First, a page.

Assisted Living Safety: What to Look for
Tripping, falling and breaking a hip is a bad news scenario for seniors. That is why senior fitness expert Betty Perkins-Carpenter, PhD of Rochester, New York, stresses the importance of fall prevention and other safety measures when evaluating assisted living safety.
A recipient of the President’s Council on Physical Fitness and Sports Achievement Award, the 79-year-old suggests individuals and families look for physical safety measures in combination with an atmosphere that encourages residents’ personal responsibility.
Where to Start for Assisted Living Safety
For starters, the author of “How to Prevent Falls” recommends assisted living communities provide a baseline of fire and supportive device safety. Smoke detectors and fire sprinklers as well as handrails and ample lighting need to be available not only in the hallways, but also in common or community areas such as dining rooms and activity rooms.
Otherwise, does the assisted living community provide safety locks on the windows, an emergency generator or alternative power source? Ask if the facility has fire drills and an emergency plan that is publicly displayed. Check apartments to see if the carpeting allows for the easy movement of walkers and canes. Is the bathroom equipped with a safety-signaling device, proper matting and safety bars?
Beyond these assisted living safety measures, Perkins-Carpenter provides further fall prevention tips. When walking through an assisted living community, check if the bottom step has recessed lighting or a strip of colored tape.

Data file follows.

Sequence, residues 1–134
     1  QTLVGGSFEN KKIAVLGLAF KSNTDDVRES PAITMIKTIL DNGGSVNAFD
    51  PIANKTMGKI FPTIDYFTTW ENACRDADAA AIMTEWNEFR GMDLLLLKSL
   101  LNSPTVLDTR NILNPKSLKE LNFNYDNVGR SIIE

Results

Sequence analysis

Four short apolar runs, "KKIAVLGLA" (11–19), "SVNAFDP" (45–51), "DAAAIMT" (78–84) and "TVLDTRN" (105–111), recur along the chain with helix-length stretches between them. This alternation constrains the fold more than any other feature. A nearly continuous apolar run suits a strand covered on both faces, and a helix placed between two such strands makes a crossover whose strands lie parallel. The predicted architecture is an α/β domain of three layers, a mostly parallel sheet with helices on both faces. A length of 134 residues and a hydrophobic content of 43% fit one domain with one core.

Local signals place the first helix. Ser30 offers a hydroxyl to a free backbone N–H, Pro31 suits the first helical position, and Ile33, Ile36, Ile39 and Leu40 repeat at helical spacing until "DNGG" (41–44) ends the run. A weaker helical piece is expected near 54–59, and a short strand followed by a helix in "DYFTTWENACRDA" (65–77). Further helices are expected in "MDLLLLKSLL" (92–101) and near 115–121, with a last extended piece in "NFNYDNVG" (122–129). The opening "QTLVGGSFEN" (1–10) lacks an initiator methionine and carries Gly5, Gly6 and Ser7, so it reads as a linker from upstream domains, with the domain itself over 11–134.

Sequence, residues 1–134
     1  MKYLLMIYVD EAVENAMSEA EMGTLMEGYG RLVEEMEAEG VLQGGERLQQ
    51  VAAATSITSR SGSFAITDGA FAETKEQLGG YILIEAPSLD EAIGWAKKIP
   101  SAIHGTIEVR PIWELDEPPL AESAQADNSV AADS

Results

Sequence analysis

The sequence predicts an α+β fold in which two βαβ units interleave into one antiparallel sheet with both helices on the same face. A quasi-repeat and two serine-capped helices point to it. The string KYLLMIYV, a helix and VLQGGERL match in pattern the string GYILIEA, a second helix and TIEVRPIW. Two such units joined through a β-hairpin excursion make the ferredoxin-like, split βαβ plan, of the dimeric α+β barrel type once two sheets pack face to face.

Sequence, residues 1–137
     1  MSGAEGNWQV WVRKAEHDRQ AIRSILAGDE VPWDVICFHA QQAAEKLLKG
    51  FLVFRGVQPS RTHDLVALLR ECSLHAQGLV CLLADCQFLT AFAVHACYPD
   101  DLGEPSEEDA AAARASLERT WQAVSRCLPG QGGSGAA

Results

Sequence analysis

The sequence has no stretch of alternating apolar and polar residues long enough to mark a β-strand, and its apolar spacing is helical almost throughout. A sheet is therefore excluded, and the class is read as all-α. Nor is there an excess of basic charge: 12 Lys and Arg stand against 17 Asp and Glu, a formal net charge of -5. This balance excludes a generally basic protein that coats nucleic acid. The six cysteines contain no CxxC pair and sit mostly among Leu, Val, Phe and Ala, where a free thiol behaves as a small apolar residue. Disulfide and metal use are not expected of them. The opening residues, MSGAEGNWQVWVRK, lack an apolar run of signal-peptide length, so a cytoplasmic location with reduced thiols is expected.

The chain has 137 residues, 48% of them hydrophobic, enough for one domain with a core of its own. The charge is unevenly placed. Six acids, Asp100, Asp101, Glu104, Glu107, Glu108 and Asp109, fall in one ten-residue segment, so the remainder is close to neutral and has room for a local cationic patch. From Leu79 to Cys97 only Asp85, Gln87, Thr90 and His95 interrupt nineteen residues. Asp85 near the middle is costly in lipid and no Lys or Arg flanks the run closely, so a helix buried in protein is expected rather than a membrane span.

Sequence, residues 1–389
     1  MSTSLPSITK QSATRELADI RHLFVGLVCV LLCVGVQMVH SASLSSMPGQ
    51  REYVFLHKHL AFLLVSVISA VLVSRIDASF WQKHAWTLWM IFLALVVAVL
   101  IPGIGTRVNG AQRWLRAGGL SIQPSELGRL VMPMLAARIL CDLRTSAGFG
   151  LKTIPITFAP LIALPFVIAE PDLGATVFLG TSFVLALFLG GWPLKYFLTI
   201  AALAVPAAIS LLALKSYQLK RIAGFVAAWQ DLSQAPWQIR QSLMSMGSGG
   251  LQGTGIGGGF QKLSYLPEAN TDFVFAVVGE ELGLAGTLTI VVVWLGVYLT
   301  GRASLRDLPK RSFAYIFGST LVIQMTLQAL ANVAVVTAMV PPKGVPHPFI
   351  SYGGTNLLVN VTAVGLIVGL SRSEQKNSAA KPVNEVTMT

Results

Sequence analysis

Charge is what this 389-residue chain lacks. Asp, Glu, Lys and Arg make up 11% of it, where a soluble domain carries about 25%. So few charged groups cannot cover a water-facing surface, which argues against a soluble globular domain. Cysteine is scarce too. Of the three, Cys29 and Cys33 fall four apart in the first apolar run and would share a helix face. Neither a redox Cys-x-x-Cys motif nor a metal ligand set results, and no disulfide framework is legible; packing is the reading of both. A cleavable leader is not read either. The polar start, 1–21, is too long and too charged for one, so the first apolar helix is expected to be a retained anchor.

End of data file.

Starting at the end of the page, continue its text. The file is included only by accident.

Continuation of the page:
“When the last step is not differentiated, it’s an accident waiting to happen,” says the former Olympic diving coach. “In addition, make sure area rugs are not allowed to creep or project over the top step of a stairway. These little things tell you if a facility is alert to preventing falls.”
When evaluating assisted living safety also keep in mind, says Perkins-Carpenter, “The brighter the light the better, especially for people with vision loss, cataracts or trifocals.”
Bathrooms are another area of special concern for those evaluating the safety of an assisted living community. Appropriately placed handrails near the toilet and in and out of the shower are imperative. And does the shower (no tub, please) have a seat? Because many seniors experience occasional dizzy spells, shower seats are a critical measure in the prevention of falls.
Dr. Perkins-Carpenter advocates that individuals in assisted living communities take personal responsibility for fall prevention and their overall safety. In her book, she teaches people how to enhance their balance and strength through an easy six-step method, that includes stretching in bed, ball balancing and, yes, dancing with pillows.
Just as it sounds, seniors at assisted living communities are invited to hold a pillow to their chest with one arm and lift the other in the air. Then, move with the flow. “Dancing with pillows takes seniors to another time and place when they had no infirmities,” observes Perkins-Carpenter. “It’s fun and they discover they are capable of more activity than they thought.”
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Written by senior care writer Leslee Jaquette